Prime Minister Mario Draghi promised reform of Italy’s overcrowded and understaffed prison service on Wednesday. This follows publication of a video showing guards beating inmates in a jail near Naples.
At least 12 prisoners died when riots broke out in jails across Italy in March last year. Inmates reacted to overcrowding and curbs on family visits amid rising coronavirus infections.
The beatings took place in reprisal for those riots at Santa Maria Capua Vetere prison over a year ago. However, it only came to light when the newspaper Domani published the brutal images last month.
The video filmed at Santa Maria Capua Vetere on April 6 2020, showed prisoners forced to walk down corridors with their hands on their heads or behind their backs as guards kicked, punched and repeatedly hit them with truncheons.
The government’s response
“What we saw deeply shocked the conscience of Italians,” Draghi told reporters after visiting the prison with Justice Minister Marta Cartabia.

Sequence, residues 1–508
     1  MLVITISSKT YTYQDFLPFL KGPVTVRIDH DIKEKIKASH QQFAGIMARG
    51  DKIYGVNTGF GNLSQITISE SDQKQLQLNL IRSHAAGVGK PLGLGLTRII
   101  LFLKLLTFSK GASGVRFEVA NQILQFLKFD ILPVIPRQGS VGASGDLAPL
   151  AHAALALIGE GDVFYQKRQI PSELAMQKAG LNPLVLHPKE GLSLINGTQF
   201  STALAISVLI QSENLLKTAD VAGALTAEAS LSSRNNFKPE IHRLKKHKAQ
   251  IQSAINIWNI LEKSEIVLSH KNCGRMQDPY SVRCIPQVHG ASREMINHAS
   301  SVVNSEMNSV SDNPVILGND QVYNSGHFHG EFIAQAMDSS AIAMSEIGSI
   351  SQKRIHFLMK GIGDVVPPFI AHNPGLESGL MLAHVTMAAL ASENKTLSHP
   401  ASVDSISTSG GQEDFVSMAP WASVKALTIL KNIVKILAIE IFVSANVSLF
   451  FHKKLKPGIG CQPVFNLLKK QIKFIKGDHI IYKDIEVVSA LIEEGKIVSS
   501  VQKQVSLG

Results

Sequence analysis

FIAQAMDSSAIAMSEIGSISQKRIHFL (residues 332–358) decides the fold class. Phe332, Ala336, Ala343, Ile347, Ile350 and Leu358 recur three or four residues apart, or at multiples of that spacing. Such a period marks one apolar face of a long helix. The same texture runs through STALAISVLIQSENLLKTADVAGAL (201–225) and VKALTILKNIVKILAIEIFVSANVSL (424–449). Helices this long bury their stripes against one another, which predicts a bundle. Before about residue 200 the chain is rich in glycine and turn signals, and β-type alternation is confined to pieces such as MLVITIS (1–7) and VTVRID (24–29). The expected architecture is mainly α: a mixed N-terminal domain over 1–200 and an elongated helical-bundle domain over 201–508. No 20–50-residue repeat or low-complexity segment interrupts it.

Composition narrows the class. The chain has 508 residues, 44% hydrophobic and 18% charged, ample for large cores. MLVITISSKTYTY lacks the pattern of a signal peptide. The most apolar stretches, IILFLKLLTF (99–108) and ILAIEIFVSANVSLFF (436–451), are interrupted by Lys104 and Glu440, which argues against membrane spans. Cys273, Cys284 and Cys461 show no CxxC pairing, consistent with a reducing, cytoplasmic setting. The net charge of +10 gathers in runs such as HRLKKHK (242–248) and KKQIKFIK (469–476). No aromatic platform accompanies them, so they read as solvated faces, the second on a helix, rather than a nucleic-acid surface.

“The investigations in progress will establish individual responsibilities, but the collective responsibility lies with a system that must be reformed,” Draghi said. He added that Cartabia was working on a series of measures.
“The government has no intention of forgetting,” he said.
Cartabia said “It’s not enough to condemn what happened, we have to remove the causes”. She said the government intended to hire more prison staff, spend more money to train them, make more use of alternative punishments to prison, and build eight new jail blocks. One of those blocks will be at Santa Maria Capua Vetere.
Reform of prison service a long time coming
Draghi said the European Court of Human Rights twice condemned Italy over its overcrowded prisons. They currently hold around 61,250 inmates, which is about 10,000 more than they were built to accommodate.
In 2014, Italy made its first attempt to reform its prisons after the European Court of Human Rights condemned Italy for the “chronic malfunctioning of its penitentiary system”.
The court made the condemnation after authorities discovered inmates’ dismal living conditions. Some prisoners in Italy had only three square metres of living space. This was a blatant violation of Article 3 of the European Convention on Human Rights.
However, a change of government cancelled the overall reform in 2018. The only part of the reform which came into force was the Juvenile Justice reform.